How to Overcome Open Water Swim Anxiety

How to Overcome Open-Water Swim Anxiety

You finally took the leap and registered for your first triathlon. But…like many others, you are a little intimidated by the prospect of swimming in a river, lake, or ocean. It’s completely understandable–every triathlete can relate to this feeling at one time or another. Since tri season is heating up, we wanted to offer some tips we’ve learned from our own experiences and others. Here is some guidance on how to overcome open-water swim anxiety.


Find a local open-water swim group to join. The best way to reduce anxiety about open-water swims is to swim in open water and become accustomed to it. (Swimming alone is never a great idea in open water anyway, regardless of experience level.)

Not only is there strength in numbers, but group members can also offer helpful tips about swimming and sighting where you’re swimming. And you get the added benefit of a simulation of a mass group start for a race. Here are some local groups that can help you get the open-water practice you need:

Juno Beach Open Water Swim Facebook Group

Inlet Tri Club

Palm Beach Masters WAHOO

Breathing Technique

We know what you’re thinking about this one: “Duh!” But seriously—focusing on how you’re breathing can help ease anxiety while swimming. Breathe out gently and steadily between your inhales. Your inhales shouldn’t be “gasps” for air. They should be steady too. Count your strokes between those inhales—most swimmers do. It will help to refocus your nervous system.

*Breathe – stroke – stroke – breathe*

Stroke Techniques

Usually, go with long, steady strokes and use those core muscles to help keep your body aligned and afloat. Most open-water swimmers use the freestyle (or crawl) stroke to accomplish their goals. However, if you feel yourself panicking or need to sight and still move forward, use the breaststroke. It’s a great way to slow your breathing and help you correct your course, if required.

If you need a break to slow things down, you can also backstroke or make like a starfish on your back to float. Any of these techniques will help.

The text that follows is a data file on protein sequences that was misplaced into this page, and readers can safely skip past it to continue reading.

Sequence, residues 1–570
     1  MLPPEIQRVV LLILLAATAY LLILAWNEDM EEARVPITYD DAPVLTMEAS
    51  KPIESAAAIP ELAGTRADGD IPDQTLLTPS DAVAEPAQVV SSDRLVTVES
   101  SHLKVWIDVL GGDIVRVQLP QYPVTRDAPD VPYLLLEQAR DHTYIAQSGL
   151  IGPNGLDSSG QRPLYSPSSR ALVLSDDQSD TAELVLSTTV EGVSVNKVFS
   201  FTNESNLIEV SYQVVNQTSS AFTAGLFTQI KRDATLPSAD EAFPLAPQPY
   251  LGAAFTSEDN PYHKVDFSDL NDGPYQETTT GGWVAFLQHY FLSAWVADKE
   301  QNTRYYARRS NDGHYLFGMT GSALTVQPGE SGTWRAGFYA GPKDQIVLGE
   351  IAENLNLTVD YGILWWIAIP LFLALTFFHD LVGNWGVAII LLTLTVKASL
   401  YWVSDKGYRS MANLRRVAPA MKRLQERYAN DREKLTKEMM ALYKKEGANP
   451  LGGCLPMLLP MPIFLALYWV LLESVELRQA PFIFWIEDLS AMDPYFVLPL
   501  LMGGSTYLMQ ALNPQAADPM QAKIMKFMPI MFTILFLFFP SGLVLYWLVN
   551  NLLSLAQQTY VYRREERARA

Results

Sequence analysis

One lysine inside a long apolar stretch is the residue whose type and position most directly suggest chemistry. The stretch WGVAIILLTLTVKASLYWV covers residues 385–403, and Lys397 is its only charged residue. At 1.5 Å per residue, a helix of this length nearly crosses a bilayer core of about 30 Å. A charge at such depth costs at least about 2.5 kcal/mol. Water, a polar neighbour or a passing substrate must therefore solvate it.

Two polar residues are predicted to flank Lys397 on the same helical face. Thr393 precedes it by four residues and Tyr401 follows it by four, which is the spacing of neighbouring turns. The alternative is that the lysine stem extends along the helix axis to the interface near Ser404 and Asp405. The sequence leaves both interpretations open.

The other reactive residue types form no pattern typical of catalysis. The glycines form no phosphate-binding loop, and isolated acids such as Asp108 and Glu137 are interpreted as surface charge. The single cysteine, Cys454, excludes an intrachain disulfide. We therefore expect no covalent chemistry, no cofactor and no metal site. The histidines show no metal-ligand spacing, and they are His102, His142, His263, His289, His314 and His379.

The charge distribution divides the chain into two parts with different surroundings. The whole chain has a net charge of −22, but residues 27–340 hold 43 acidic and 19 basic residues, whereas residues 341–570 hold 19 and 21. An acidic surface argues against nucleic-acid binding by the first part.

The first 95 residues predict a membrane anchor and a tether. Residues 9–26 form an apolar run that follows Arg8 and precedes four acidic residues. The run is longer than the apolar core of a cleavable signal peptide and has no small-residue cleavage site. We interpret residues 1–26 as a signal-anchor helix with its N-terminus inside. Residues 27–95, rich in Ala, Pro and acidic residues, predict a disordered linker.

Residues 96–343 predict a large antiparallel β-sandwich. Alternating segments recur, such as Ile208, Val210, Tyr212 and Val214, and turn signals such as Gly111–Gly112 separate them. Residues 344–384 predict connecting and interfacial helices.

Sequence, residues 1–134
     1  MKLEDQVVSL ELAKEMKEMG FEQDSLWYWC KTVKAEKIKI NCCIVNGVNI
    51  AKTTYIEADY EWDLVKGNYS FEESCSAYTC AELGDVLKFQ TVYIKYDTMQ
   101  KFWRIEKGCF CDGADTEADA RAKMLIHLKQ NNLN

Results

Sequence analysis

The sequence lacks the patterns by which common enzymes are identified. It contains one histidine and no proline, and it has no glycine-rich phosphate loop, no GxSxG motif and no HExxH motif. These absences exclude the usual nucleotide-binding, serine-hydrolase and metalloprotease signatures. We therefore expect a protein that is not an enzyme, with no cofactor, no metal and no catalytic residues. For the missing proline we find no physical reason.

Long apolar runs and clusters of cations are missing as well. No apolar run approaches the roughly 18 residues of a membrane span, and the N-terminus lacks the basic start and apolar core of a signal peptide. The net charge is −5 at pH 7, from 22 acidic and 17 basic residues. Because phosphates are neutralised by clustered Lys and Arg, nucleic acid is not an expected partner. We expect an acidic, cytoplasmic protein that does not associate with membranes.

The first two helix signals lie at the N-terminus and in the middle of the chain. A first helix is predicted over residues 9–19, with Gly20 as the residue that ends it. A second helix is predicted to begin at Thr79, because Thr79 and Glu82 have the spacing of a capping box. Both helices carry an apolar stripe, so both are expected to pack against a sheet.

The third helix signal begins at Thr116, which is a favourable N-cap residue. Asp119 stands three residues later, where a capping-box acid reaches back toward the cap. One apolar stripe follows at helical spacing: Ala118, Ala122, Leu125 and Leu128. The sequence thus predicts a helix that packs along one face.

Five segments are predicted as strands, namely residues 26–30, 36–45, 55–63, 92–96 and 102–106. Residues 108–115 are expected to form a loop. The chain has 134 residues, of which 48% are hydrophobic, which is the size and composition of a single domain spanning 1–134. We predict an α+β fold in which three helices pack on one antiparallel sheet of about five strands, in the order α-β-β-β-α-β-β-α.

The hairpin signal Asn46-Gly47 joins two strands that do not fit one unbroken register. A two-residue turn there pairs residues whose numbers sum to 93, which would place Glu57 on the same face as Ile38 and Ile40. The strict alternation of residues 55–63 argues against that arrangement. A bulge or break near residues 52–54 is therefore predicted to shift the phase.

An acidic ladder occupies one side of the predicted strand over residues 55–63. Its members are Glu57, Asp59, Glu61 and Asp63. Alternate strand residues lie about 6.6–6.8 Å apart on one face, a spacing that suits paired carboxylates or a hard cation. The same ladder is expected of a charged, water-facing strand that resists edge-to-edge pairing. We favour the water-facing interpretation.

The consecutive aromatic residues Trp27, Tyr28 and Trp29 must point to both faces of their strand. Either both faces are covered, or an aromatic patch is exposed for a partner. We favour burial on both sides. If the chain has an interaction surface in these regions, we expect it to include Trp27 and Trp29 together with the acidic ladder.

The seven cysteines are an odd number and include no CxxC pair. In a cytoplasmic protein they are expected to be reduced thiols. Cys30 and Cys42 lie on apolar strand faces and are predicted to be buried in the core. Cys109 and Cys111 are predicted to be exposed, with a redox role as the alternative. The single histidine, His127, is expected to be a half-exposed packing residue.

Open Water Swim Gear

Make sure you have quality, reliable gear for your swims. Here’s a basic list to get started with:

  • Goggles
  • Colorful swim cap
  • Swimsuit, tri suit, shorts, shirt
  • Swim buoy

Your goggles should have a good seal, and you need at least some tint or mirror feature for swimming outside—even early morning or evening swims can have glare on the water. Use a brightly colored swim cap to make you more visible in the water and to help keep your goggles in place (swim cap over the goggles–trust us on this one).

If you’ve signed up for a race that will probably be wetsuit-legal, practice wearing your wetsuit at least a few times before your race. Swimming in a wetsuit requires some getting used to and is not something you want to do without practicing before you race.

Lastly, invest in a swim buoy–they’re great for visibility and taking breaks. We carry fun, colorful New Wave Swim Buoys in the store.

In addition to the essential items we listed above, there are additional training items such as kickboards, pull float, and fins we can recommend to help further refine your form and stroke.

We proudly carry a variety of essential items you’ll need for both training and race-day swims. We want to support you as best as possible for your triathlon journey. Many of our staff members are also triathletes, and we are happy to help you find the right gear for your needs and offer tips and advice for every aspect of triathlon training and racing. You’ve got this!


View posts by Julia
Triathlete, Gravel Rider, Word Nerd, Trivia Mistress, Salesperson/Content Creator at Bikes Palm Beach
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